Ontario's finance minister has approved contentious amendment to calculation of fees for credentialing bodies
Despite multiple stakeholders voicing their concerns to Ontario’s financial services regulator, its proposal to revise a rule to create a special calculation for self-regulatory credentialing bodies (CBs) has been approved.
Last week, the Financial Services Regulatory Authority of Ontario released its final Rule 2022 – 001 Assessments and Fees (Fee Rule). The rule was approved by the province’s Minister of Finance on September 13.
Among numerous provisions, the new fee rule specifies a separate system of calculating fees for self-regulatory organizations (SROs) that are approved as CBs under the province’s title protection regime. As of now, the Canadian Investment Regulatory Organization (CIRO) is the only SRO being considered as a CB.
In June, multiple stakeholders representing advisors, financial professionals, and advocates released a joint statement against such a change, asserting it would be “fundamentally flawed.”
“If approved by the Minister, it would create fee exemptions that are completely disproportionate to Title Protection Framework cost realities, and would exempt CIRO and its representatives from paying their fair share of fees required to fund Ontario's Title Protection Framework; fees all other credentialing bodies (CBs) and their credential holders pay,” that joint statement said.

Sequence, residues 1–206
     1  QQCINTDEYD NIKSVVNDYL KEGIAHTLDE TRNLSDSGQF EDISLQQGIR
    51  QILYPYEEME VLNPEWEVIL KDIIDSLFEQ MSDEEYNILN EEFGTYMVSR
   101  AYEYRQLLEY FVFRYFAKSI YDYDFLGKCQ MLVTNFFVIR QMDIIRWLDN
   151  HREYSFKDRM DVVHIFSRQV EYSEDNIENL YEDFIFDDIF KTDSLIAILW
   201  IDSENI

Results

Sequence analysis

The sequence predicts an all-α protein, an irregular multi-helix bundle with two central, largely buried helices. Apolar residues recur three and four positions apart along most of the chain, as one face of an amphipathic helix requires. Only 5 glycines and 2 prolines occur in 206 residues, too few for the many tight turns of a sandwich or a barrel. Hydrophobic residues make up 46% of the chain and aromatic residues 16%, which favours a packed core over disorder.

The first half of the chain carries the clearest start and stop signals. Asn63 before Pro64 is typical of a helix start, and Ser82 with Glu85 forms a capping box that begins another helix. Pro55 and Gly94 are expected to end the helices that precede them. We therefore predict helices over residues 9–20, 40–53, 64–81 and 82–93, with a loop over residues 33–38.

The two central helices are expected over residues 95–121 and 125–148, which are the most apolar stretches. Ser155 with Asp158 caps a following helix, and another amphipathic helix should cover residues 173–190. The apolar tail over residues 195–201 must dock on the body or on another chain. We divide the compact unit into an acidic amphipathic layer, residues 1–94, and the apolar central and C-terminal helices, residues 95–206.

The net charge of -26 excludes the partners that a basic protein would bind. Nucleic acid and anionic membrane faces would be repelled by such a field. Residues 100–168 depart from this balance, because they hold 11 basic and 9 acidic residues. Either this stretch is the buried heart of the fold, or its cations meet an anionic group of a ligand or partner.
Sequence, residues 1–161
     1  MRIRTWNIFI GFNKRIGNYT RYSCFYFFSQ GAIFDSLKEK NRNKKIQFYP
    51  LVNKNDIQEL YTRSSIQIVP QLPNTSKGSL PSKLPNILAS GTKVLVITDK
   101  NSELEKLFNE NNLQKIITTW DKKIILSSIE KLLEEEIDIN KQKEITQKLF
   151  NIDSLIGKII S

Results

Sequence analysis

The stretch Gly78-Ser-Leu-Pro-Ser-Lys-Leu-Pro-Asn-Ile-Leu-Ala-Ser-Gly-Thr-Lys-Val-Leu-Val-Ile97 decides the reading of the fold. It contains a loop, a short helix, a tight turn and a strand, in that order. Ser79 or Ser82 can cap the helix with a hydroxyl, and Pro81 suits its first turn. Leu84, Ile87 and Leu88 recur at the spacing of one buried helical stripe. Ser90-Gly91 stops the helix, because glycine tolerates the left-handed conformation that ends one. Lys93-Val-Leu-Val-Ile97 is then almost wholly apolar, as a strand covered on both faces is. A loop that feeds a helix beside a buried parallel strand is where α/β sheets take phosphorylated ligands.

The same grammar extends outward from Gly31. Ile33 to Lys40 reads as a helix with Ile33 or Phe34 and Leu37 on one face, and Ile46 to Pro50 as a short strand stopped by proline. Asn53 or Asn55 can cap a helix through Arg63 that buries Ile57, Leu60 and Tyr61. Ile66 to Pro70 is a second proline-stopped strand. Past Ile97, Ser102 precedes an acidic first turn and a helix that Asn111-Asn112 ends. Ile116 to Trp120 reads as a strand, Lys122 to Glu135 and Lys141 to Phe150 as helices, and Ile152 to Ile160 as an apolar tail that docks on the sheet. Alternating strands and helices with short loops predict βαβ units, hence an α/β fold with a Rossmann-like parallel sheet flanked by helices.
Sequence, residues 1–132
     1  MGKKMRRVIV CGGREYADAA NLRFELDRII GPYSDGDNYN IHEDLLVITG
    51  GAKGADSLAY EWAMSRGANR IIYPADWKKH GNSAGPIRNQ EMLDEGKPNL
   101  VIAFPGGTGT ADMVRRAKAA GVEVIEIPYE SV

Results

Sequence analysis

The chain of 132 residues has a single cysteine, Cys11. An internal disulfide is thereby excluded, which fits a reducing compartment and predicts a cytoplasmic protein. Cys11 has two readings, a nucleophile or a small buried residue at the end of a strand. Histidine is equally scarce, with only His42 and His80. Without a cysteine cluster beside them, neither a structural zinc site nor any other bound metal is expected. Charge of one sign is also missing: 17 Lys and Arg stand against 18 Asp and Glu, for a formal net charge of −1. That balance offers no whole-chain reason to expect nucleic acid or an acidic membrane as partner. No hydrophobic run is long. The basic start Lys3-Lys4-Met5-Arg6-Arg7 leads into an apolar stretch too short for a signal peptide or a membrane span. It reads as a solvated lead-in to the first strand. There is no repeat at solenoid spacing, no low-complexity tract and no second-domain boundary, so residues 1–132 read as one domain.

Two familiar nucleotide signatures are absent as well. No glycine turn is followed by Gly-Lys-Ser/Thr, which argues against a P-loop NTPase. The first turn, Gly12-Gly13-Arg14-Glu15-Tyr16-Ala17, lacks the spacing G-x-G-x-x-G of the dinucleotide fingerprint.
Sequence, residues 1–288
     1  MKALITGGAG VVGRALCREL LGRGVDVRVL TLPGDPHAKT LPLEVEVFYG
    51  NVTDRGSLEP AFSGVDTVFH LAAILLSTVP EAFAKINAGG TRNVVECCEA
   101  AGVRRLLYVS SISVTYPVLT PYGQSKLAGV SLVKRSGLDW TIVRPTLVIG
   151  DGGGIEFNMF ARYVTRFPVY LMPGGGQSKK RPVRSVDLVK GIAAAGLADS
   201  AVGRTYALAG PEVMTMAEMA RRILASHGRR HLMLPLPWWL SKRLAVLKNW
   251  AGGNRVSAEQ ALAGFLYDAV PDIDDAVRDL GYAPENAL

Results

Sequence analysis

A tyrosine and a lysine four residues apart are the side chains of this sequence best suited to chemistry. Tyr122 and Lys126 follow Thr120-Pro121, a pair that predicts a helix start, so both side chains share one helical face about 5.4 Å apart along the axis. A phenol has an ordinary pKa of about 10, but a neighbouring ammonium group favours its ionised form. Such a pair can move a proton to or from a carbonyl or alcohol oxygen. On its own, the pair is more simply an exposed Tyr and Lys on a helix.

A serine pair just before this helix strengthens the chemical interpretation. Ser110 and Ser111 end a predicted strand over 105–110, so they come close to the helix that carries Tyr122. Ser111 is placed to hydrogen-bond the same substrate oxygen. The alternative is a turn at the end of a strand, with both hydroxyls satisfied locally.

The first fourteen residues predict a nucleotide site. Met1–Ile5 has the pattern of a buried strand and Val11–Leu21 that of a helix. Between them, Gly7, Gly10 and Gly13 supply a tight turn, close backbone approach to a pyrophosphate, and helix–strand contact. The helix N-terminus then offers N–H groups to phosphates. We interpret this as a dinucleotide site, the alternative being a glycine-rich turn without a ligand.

FP Canada, one of the voices who spoke out with concerns in June, has reiterated its position in a new statement reacting to the approval of the Fee Rule:
“FP Canada is very disappointed that Ontario’s Minister of Finance has signed off on the revised FSRA Fee Rule. As FSRA’s consultation summary indicates, virtually all stakeholders had concerns with the revised Fee Rule. Many stakeholders recommended consumer-focused alternatives and suggested a better way to bring CIRO into Ontario’s Title Protection Framework. It is unfortunate that these suggestions were not considered by FSRA or the Minister.”
A call for fairness
In an email to Wealth Professional, FSRA explained that it would be inconsistent with its fairness principles to charge CIRO as much as other CBs, as it’s also subject to oversight by the Ontario Securities Commission (OSC) and the Canadian Securities Administrators (CSA). But FP Canada disagrees.
“We continue to be concerned with a Fee Rule that includes an arbitrary annual fixed fee for CIRO. Other than to state in general terms that the objective of the revised Fee Rule is to avoid duplication of regulatory oversight, FSRA has not been able to provide any rationale for the quantum of the $25,000 fixed fee. Given the lack of information provided to stakeholders, it is challenging to understand how the revised fee rule aligns with FSRA’s principles of fairness, consistency, and transparency.”
FP Canada is urging a rethink and for the FSRA and the Ministry of Finance to re-engage with all stakeholders “to restore fairness to the allocation of costs associated with Ontario’s Title Protection Framework.”